Pacific Coastal & Marine Science Center
Descriptive Model of the July 17, 1998 Papua New Guinea Tsunami:
Assumptions and Specifications for Animations
- A linearized form of the shallow-water wave equations was used to simulate the tsunami. Because non-linear terms were not included, the computations are probably only accurate for water depths deeper than 50 m.
- The computations were performed on a 3.7 km grid at a time interval of 10 seconds. Although the model is stable, the nearshore evolution of the tsunami is not accurately portrayed because of the large grid size.
- The model does not compute runup or inundation.
Earthquake Source Model:
- Because only the location, depth, and seismic moment of the event are known at this time, certain assumptions must be made to determine the rupture area and slip.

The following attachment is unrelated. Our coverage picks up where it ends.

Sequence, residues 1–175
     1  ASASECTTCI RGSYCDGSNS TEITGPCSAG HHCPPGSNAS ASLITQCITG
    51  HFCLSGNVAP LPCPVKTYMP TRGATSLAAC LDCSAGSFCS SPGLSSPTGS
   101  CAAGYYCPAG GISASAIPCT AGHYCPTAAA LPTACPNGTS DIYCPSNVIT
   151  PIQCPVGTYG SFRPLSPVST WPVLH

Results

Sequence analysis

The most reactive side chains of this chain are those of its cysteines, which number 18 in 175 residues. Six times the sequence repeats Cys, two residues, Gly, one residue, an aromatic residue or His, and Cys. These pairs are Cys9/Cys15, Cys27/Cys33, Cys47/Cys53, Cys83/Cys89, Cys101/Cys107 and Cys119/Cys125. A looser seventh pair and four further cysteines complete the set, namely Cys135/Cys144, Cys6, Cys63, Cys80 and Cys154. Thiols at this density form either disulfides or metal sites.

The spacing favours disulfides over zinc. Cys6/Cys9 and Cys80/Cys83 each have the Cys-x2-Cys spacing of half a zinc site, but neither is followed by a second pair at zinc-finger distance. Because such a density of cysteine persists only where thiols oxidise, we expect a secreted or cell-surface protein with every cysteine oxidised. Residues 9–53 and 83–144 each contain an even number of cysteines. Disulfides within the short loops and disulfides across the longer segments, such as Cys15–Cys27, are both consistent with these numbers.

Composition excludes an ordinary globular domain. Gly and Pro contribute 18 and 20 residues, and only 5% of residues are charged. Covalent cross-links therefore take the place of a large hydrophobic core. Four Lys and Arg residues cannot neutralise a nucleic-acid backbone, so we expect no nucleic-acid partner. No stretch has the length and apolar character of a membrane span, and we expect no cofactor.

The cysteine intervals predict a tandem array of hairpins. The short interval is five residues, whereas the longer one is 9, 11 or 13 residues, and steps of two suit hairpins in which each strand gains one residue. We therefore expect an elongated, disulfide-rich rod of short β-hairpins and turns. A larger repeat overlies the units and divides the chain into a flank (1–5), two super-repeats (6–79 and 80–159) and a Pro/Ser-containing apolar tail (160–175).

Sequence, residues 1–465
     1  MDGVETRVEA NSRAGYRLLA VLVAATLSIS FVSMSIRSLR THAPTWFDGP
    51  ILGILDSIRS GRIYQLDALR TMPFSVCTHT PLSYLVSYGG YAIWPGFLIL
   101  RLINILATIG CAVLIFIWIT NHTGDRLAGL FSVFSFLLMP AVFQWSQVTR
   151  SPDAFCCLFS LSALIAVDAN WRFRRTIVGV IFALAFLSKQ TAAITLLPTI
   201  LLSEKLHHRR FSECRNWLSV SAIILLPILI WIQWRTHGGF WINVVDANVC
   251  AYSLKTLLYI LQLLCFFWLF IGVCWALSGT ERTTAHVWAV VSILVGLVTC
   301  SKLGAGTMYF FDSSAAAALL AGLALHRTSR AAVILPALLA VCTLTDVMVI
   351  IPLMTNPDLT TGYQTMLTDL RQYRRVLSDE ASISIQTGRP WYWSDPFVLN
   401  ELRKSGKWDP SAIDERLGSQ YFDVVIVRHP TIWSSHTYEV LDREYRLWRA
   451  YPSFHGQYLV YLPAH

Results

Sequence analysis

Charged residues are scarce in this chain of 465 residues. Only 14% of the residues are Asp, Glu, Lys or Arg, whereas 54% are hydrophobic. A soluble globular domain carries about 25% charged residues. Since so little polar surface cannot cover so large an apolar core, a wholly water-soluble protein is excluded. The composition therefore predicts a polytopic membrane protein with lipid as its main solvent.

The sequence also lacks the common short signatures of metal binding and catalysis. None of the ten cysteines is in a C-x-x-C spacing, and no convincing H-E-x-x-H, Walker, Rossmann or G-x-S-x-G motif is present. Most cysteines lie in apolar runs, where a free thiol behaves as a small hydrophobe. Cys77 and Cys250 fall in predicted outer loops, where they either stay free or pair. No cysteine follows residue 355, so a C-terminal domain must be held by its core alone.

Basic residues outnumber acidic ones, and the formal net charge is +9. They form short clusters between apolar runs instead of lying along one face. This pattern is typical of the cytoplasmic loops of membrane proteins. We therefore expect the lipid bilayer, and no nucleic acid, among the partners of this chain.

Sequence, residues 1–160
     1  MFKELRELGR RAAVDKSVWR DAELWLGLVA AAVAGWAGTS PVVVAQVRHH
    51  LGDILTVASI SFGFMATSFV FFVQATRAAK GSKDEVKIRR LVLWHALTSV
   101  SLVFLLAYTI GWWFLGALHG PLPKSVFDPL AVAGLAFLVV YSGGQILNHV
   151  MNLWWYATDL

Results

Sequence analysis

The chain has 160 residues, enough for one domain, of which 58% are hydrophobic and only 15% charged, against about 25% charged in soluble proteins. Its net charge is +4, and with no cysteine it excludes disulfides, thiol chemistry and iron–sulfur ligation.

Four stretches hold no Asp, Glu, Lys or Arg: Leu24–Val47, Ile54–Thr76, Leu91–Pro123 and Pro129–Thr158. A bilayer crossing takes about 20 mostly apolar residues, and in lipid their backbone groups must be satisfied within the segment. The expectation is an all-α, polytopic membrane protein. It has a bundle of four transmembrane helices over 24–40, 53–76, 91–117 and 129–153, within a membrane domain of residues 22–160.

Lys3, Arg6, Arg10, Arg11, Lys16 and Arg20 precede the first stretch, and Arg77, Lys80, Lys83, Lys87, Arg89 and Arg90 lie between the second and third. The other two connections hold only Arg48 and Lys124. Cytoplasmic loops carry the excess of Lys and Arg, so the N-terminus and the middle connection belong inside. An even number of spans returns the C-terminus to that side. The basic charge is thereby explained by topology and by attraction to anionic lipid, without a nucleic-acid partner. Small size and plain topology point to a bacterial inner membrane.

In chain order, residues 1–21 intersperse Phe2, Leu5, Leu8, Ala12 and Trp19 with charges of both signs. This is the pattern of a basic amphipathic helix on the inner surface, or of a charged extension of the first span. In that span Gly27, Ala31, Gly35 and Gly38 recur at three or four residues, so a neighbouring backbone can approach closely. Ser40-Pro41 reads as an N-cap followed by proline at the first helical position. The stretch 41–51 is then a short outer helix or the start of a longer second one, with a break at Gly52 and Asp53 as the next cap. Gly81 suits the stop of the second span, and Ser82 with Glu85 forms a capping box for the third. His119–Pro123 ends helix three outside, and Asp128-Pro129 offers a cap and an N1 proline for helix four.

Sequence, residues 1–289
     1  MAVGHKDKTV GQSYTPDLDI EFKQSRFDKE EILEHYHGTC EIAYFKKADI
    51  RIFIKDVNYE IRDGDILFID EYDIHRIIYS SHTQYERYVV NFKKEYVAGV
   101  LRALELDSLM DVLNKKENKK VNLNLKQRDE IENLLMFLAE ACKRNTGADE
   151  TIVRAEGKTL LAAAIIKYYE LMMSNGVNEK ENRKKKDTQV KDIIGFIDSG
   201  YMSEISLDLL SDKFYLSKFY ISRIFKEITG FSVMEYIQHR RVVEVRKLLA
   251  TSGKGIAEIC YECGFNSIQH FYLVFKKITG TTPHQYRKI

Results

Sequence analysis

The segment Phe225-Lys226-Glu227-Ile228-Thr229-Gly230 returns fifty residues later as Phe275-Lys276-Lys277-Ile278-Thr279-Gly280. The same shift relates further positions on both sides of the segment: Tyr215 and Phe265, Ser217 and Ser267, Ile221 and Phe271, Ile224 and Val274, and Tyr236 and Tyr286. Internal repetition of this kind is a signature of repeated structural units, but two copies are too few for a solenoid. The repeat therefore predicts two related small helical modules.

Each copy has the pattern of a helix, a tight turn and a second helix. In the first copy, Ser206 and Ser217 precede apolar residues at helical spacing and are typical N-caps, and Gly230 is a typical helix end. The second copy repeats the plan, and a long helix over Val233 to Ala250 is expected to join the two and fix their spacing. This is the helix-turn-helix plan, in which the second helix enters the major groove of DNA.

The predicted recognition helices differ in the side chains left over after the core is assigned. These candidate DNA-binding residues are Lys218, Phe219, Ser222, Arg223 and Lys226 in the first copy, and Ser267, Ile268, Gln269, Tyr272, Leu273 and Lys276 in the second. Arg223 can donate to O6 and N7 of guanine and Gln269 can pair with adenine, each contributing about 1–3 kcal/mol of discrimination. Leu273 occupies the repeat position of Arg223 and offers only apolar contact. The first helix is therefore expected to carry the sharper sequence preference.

- Slip on the vertical plane is assumed.
- An empirical relationship is used to determine the rupture area from the seismic moment (Wells and Coppersmith, 1994). An assumed 3:2 aspect ratio (length:width) yields the dimensions of the rupture zone.
- Using the assumed rupture area (above) and a shear modulus of 30 GPa results in an average slip of 2.15 m.
- Assuming uniform slip typically underestimates the tsunami that is produced (Geist, 1998). Therefore, an arbitrary and symmetric slip distribution is assumed that averages to 2.15 m.
- Because this was a very shallow event, the rupture extends to the seafloor.
- A 10 second rise time is assumed, making this a nearly impulsive event with respect to tsunami propagation speeds.
- Because of the steep bathymetric gradient, errors in the epicenter location result in significant changes to the tsunami time history. The Harvard centroid location is used.